A List of Noteworthy Bar Journal Articles

All over the country, bar associations have been featuring well-being in their publications. Below are just some of the articles shining a light on this important topic.

The Oklahoma Bar Journal (December 2017): Ethics and Lawyer Well-Being, by Joseph Balkenbush

Maine Bar Journal (Fall 2017/Winter 2018)

  • From the Executive Director – Lawyer Well-Being: Taking Charge of Your Wellness, by Angela P. Weston (pg. 6)
  • When Your Work-Life Balance Isn’t (pg. 7)

Washington Lawyer (January 2018)

  • When Counsel Needs Counseling, by William Roberts (pg. 16)
  • Finding Fulfillment in Life & the Law, by Sarah Kellogg (pg. 22)

Michigan Bar Journal (January 2018): To Be a Good Lawyer, One Has to Be a Healthy Lawyer, by Tish Vincent

Florida Bar Journal (January 2018): Focus on Mental Health and Wellness for Florida Lawyers

  • Mental Health and Wellness — Destigmatizing the Discussion and Promoting Solutions, by Dori Foster-Morales, Guest Editor (pg. 8)
  • What Do the Statistics About Lawyer Alcohol Use and Mental Health Problems Really Mean? By Patrick Krill (pg. 10)
  • The Reality of High-Functioning Substance Abuse Among Lawyers, by Lisa Smith (pg. 14)
  • Vulnerability Is a Good Thing, by Brian Cuban (pg. 15)
  • The Surprising Master Key to Happiness and Satisfaction According to the Lawyer Research, by Lawrence Krieger (pg. 16)
  • Florida Lawyers Assistance: Saving Lives and Legal Careers, by Scott M. Weinstein (pg. 20)
  • Mindfulness, Mental Health, and the Life of the Lawyer, by Scott Rogers (pg. 24)
  • The Lawyer Well-Being Starter Kit: 10 Tools and Strategies for Legal Employers, by Anne Brafford (pg. 26)

Journal of the Missouri Bar (January/February 2018): Shades of Gray: The Opportunities and Challenges of an Aging Bar, by Gary Toohey

Rhode Island Bar Journal (January/February 2018): Secure Your Own Mask First, by Linda Rekas Sloan

Arizona Attorney (February 2018)

  • A Profession Under Stress (pg. 20)
  • Stress Related to Firm Culture, Lawyer Choices, by Tim Eigo (pg. 22)
  • The Law: A Profession in Trouble? By Mark W. Gifford (pg. 24)

Wisconsin Lawyer (February 2018): 5 Things Resilient Lawyers Do Differently, by Paula M. Davis-Laack

Illinois Bar Journal (March 2018): Lawyer Well-Being: The Mindful Lawyer, by Ed Finkel

Hispanic National Bar Association Noticias (Spring 2018): Attorney Well-Being: HNBA as a Catalyst for Change, by Raul Ayala

The Vermont Bar Journal (Spring 2018)

  • President’s Column – The Good Life, by Daniel H. Maguire (pg. 5)
  • The Vermont Commission on the Well-Being of the Legal Profession, by Teri Corsones (pg. 23)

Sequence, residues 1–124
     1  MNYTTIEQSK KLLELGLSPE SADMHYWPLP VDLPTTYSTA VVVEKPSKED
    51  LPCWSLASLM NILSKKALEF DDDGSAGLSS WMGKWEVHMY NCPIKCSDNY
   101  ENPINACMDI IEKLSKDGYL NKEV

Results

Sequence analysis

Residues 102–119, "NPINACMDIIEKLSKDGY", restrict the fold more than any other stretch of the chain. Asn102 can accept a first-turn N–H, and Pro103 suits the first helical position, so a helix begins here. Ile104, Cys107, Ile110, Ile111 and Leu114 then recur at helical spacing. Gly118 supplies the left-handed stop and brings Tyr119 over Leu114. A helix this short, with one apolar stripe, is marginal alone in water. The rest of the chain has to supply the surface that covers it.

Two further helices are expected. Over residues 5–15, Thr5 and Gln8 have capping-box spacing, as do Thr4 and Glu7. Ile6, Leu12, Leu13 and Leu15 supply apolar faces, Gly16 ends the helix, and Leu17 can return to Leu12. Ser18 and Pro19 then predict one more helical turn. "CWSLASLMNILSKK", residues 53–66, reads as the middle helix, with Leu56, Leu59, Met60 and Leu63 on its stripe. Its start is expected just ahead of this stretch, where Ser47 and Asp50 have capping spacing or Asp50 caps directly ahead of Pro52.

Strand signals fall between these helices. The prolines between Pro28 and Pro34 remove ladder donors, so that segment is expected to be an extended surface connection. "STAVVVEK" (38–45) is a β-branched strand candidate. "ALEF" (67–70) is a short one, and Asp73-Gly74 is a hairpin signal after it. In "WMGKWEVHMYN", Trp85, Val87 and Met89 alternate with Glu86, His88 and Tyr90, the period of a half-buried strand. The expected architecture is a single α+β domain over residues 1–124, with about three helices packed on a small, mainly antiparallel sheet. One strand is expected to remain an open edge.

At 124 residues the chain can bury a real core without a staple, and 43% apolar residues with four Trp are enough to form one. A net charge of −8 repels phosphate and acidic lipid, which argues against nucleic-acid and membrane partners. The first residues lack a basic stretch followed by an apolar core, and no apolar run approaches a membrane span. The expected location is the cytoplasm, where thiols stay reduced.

Rhode Island Bar Journal (May/June 2018)

  • Book Reviews: The Faces of Addiction, by Genevieve M. Martin (pg. 23)
    • Never Enough, by Michael J. Burke
    • The Addicted Lawyer: Tales of the Bar, Booze, Blow, and Redemption, by Brian Cuban

Visit the ABA CoLAP website for more articles.

You can help make a difference! CoLAP is raising money to help de-stigmatize mental health and substance use disorders in the legal profession. Donations will go towards high-quality videos that highlight personal recovery stories of lawyers, judges, and law students who have overcome these issues, serving to raise awareness about the nature of addiction and mental health distress in our profession, and challenging the biases and stigma that surround those problems. Make your gift today.



Voices of Recovery Podcast Series – Episode 7

The ABA Commission on Lawyer Assistance Programs (CoLAP) has produced a podcast series about overcoming substance use disorders, mental health issues and addiction. The lawyers featured in this series have all agreed to tell their story in the hope that it will reduce the stigma surrounding these issues and encourage others to get the help they need.

Episode 7 features Stephanie Mitchell Hughes, attorney, writer and speaker working to change the world by sharing her experience with depression and resilience.

Click here to access all available episodes in the series. 

Two Noteworthy Webinars: Implicit Bias, Cognitive Decline in the Legal Profession

Competency and Cognitive Decline in the Legal Profession: Ethical Pitfalls Encountered by Lawyers with Diminished Capacity

ABA Webinar | May 9, 2018 | 1-2:30pm ET

The effects of aging can cause changes in mental processes and physical functioning. Our panel will explore these changes and provide practical advice on what lawyers should do when they see impairment such as dementia or other similar issues in colleagues, opposing counsel, judges, or even themselves.

Brought to you by the ABA Center for Professional Responsibility, discussion topics will include:

  • Understanding the effects of aging on the human brain
  • How to recognize some of the signs of diminished capacity
  • The practical and ethical considerations for intervention
  • Advice on how to facilitate discussion with the impaired person (or others who can help)
  • Resources and ways to locate assistance in your area
  • The importance of succession planning, and resources to help you develop or review your own succession plans

The Changing Face of Law: The Ethical Implications of Implicit Bias in the Legal Profession

ABA Webinar | May 24, 2018 | 1-2:30pm ET

Our panelists will discuss diversity in the profession, the ethical rules that are implicated by diversity and inclusion policies, and how implicit biases and stereotypes affect how we perceive people who are different. The panel will also share strategies on how to interrupt bias and address diversity challenges in the workplace. This topic will help increase a lawyer’s professional competence as an attorney, understanding of ethical obligations, and is related directly to the practice of law.

Brought to you by the ABA Center for Professional Responsibility.

Many find it difficult to engage in discussions about racial and ethnic differences. At the same time, the demographics of our country and our workplaces have shifted dramatically. Lawyers, who have long served the public, need to better understand diversity and inclusion, cultural competency, and implicit bias in order to ethically and professionally serve their increasingly diverse clients.